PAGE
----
Donna Malane’s Surrender also features video footage in a prominent role. When James Patrick “Snow” Wilson is found murdered with his body dumped in an alley, missing person’s expert Diane Rowe takes a special interest in the case. A year earlier, her younger sister Niki was murdered in the same way. At the time, the police suspected Wilson of the crime, but there wasn’t enough evidence to pursue the case. Then, shortly before his death, Wilson admitted the murder, saying that he’d been paid to kill Niki Rowe. He didn’t say who his “client” was though, so Rowe is determined to find out. She wants to know who’s behind her sister’s murder and she thinks if she can find out who killed Wilson, she’ll have her answer. So against the advice of her ex-husband Sean Callum, who’s a cop, she starts to ask questions. Bit by bit she starts to find out the truth about Niki’s life and in the process, discovers that her sister had a secret life. Niki Rowe was an exotic dancer who, as it turns out, provided special “customer service” to those willing to pay. In the end, that proves key to her murder (although not in the way you would think) and so does a set of videos related to the case.
And then there’s Patti Abbott’s short story The Snake Charmer, a part of her collection Monkey Justice. In The Snake Charmer, a man named Art is upset when his daughter Shannon starts to take up again with Corey Kruse, the boy who got her pregnant far too soon. Art’s always believed that Corey was “bad news,” so when Shannon’s daughter Zelda finds some pornographic videos under the sofa one day, Art is not at all surprised to conclude that Corey left them there during a surreptitious visit. It’s a piece of evidence he uses to prove that Shannon and Corey are seeing each other again and he decides that there’s only one way to prevent Corey from completely ruining Shannon’s life. The real truth about the videos is not what Art thinks though and that adds an interesting twist to the story.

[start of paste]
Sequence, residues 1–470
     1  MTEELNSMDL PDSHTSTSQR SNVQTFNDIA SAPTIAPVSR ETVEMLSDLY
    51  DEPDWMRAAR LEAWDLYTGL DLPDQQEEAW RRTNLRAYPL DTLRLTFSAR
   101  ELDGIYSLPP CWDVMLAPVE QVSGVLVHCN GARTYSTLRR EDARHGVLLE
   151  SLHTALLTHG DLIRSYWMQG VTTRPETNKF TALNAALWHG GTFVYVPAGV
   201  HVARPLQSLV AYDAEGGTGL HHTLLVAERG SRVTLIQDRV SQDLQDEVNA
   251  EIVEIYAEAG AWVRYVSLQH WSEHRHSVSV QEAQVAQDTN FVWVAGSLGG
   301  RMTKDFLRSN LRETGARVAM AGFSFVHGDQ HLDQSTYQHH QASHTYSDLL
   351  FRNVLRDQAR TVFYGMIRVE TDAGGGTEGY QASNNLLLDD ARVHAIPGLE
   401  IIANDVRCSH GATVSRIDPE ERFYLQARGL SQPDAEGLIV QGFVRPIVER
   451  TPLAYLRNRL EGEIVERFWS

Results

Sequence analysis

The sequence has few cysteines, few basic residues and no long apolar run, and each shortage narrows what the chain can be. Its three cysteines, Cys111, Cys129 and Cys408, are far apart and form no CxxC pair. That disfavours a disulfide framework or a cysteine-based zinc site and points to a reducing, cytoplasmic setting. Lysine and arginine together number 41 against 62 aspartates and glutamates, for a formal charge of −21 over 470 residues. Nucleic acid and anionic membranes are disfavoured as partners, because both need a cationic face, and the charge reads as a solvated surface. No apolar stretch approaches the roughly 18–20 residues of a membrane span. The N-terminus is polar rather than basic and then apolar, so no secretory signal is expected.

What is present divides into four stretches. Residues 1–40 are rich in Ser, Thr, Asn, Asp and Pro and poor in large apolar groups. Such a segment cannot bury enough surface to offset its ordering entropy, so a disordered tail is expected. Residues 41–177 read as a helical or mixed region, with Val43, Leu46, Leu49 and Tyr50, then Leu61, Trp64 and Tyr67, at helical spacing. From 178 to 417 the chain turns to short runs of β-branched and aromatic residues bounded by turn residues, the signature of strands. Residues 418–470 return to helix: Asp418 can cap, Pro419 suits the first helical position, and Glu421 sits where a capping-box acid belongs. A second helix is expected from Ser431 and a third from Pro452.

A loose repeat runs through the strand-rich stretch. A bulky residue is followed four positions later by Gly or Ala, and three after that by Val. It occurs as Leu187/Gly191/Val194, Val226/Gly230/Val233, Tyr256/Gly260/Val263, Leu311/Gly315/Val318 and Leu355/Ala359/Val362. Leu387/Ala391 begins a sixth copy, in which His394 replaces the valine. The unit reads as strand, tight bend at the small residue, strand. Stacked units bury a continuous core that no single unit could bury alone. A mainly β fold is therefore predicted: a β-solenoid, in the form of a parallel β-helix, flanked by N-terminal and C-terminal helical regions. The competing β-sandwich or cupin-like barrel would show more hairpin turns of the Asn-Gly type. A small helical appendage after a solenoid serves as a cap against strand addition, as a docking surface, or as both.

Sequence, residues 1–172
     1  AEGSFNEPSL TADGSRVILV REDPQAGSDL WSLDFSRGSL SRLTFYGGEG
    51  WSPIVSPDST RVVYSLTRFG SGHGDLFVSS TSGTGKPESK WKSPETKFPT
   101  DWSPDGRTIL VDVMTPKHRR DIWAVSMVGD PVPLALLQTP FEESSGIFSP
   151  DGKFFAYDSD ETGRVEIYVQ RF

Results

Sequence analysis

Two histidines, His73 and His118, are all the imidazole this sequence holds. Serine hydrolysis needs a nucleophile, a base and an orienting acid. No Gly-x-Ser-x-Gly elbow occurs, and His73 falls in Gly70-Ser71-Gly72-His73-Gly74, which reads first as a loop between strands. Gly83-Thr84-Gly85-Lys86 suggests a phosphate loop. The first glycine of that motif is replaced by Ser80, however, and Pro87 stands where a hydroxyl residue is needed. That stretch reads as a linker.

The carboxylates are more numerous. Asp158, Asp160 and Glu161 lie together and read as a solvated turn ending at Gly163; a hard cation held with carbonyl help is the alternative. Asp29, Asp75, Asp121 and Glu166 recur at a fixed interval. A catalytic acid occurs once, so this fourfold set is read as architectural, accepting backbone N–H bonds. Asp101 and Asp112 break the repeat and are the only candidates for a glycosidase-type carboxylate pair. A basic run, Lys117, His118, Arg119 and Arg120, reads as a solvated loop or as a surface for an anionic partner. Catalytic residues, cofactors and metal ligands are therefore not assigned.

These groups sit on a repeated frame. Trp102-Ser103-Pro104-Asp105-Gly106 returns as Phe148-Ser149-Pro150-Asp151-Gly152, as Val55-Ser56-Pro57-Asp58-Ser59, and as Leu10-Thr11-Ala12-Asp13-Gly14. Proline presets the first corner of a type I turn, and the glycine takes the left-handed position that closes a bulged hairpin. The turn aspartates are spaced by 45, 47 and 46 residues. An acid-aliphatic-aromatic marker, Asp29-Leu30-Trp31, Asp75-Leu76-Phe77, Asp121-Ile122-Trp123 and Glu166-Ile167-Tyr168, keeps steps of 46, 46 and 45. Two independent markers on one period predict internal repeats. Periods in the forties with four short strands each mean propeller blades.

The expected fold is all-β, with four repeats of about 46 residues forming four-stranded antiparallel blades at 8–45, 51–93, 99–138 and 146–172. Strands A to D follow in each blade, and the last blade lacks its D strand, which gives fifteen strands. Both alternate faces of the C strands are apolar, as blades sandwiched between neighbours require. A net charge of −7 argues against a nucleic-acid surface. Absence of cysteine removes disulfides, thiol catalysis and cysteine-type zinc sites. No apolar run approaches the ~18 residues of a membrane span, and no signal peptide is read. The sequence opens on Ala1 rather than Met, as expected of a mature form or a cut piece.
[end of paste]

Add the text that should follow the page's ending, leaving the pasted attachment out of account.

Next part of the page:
I’ve used video surveillance in some of my own work. It gives the police some solid evidence in B-Very Flat, and in my third Joel Williams novel it’s a critical clue. Videos, whether they are evidence or simply a part of a plot, are woven into a lot of crime fiction novels and that makes sense. After all, whether one uploads them, downloads them, rents them or makes them, video films are an integral part of today’s technology.
*NOTE: The title of this post is a line from Juliana Hatfield’s On Video.